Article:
The start of school and the cooler weather typically starts a wave of illness in our kids. People gathering in groups indoors allows germs to spread and our youngest patients are particularly good at sharing germs: they drool, can’t wipe their nose and put everything in their mouths.
This year, we are seeing a higher level of illness than we typically see. The Covid-19 pandemic has caused our usual patterns of illness to shift. In the past, viruses have followed a predictable pattern of when they cause infections. However, all the things we did to prevent the spread of Covid-19 also prevented other viruses to circulate at their usual times. One virus whose pattern is off and is circulating at a high level right now is RSV, or Respiratory Syncytial Virus.
RSV typically circulates and causes infection in the winter months, peaking in January and February. However, for the last two years we have seen RSV start to cause infections as early as August.
RSV is a virus that causes a respiratory infection that causes cough, nasal congestion and a runny nose. This virus causes our bodies to make A LOT of mucous. Kids can run a high fever and have a very frequent cough. Infants and toddlers tend to have the hardest time with this illness. The mucous can settle in their chest and causes inflammation in their lungs. This can cause kids to wheeze, and they may have trouble breathing or maintaining their oxygen levels. When this occurs, we call this bronchiolitis. School aged kids and adults don’t typically get the chest congestion and wheezing that infants get; RSV can cause a bad cold or upper respiratory infection in older kids.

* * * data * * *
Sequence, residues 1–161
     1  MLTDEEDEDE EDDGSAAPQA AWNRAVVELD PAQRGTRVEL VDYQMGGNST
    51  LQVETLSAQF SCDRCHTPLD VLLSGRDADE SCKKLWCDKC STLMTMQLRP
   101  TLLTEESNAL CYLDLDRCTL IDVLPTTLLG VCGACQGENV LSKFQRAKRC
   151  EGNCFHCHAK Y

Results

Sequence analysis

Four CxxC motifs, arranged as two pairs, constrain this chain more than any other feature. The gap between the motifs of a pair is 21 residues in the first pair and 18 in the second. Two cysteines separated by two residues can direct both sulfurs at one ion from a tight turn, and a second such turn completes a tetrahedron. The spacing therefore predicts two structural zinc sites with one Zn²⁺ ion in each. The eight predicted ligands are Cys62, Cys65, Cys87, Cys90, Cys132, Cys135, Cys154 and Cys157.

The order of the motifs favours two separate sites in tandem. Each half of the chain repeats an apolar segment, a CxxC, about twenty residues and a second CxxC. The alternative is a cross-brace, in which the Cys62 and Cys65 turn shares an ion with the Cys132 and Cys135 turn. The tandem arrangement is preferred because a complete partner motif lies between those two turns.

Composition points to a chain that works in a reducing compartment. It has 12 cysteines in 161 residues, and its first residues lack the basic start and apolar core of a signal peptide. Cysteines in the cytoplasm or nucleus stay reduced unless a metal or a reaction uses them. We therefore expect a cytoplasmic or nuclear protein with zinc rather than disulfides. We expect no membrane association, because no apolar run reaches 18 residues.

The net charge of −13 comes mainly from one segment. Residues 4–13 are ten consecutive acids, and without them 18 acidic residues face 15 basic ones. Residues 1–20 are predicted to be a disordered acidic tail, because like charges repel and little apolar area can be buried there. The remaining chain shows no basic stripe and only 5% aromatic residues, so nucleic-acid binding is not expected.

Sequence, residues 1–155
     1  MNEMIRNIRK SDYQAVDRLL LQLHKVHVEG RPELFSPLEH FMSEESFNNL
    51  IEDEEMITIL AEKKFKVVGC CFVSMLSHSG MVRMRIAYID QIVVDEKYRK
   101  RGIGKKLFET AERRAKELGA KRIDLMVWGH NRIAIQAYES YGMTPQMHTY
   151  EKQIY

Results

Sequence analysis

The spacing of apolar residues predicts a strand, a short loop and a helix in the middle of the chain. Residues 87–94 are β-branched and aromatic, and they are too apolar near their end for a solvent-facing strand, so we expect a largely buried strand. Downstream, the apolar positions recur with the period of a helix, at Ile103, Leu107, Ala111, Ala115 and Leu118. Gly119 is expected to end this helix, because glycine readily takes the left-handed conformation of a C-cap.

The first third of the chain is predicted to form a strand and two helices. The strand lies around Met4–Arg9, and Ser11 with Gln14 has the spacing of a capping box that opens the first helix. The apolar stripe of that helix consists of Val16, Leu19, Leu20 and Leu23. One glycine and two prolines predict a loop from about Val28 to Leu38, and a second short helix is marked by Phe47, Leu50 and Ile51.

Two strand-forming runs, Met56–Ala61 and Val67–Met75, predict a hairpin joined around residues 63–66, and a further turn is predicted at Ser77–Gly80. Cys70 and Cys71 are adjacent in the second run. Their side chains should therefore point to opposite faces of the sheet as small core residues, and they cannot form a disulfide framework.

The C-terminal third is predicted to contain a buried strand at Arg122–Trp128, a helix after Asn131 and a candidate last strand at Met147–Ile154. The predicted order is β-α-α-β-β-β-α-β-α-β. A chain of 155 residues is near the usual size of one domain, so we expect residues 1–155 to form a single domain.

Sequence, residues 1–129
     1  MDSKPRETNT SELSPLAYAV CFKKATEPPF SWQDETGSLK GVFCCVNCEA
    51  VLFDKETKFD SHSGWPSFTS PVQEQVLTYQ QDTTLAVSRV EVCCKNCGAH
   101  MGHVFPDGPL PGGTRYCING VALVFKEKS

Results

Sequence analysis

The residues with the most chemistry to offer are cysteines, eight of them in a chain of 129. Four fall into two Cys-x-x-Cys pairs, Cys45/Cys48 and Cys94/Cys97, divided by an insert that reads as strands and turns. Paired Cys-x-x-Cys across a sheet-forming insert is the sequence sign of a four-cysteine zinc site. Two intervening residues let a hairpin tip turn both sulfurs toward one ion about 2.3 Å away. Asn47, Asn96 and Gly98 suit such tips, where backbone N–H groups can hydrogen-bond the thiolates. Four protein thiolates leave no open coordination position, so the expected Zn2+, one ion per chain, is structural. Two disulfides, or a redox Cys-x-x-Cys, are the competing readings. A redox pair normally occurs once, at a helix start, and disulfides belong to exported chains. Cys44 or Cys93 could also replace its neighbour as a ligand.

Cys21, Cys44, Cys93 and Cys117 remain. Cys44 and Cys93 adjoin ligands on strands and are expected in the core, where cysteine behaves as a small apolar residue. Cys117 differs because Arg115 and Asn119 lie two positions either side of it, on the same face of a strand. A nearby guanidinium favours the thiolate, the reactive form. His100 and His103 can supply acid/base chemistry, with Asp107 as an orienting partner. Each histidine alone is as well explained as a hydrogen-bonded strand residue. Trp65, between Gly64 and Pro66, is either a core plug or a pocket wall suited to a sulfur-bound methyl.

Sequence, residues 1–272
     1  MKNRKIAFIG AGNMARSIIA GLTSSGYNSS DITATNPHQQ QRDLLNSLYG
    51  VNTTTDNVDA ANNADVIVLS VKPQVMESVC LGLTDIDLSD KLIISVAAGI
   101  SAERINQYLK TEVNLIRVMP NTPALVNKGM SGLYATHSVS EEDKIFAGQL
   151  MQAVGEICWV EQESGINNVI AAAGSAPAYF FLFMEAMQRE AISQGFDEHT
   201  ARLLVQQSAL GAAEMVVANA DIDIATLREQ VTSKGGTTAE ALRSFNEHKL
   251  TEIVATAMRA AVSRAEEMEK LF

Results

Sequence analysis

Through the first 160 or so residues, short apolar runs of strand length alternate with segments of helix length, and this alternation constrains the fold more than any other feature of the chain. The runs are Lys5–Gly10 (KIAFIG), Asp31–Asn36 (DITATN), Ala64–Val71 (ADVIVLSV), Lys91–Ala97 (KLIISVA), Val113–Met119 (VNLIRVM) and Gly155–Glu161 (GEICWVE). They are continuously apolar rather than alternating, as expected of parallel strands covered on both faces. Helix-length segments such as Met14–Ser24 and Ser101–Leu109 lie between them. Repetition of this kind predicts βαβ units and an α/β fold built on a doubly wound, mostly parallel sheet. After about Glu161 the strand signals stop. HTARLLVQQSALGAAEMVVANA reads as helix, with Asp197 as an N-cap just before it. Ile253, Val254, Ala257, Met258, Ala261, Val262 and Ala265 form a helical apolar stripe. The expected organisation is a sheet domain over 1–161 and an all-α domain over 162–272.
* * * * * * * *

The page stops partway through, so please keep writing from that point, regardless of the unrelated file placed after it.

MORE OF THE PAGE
RSV bronchiolitis is one of the leading causes of hospitalizations in infants and young children. About 3% of children with bronchiolitis require hospitalization to give support breathing or to maintain their oxygen levels. Signs that your child is having trouble with this virus are fast or heavy breathing, retractions, which is when their skin pulls in at their ribs or throat when breathing, and difficulty feeding.
There are no medicines that can be used to get rid of bronchiolitis any faster. This is a viral infection that needs to run its course. The treatments we use are to relieve the symptoms. Nasal saline drops and suctioning can help to clear the mucous from the nose. A humidifier can help to keep the mucous moist. Infants usually need to eat more often because they can get tired more easily. It’s important for kids to get enough fluids when they are sick. Over the counter cough and cold medicines are not proven to be effective and are not recommended in kids less than 6 years of age.
Most healthy children begin to recover from RSV in a few days. The cough, wheezing and congestion may linger for a week or two. No one knows how long this wave will last or if RSV will be back again this winter but if it is we will be prepared to see your sick child.
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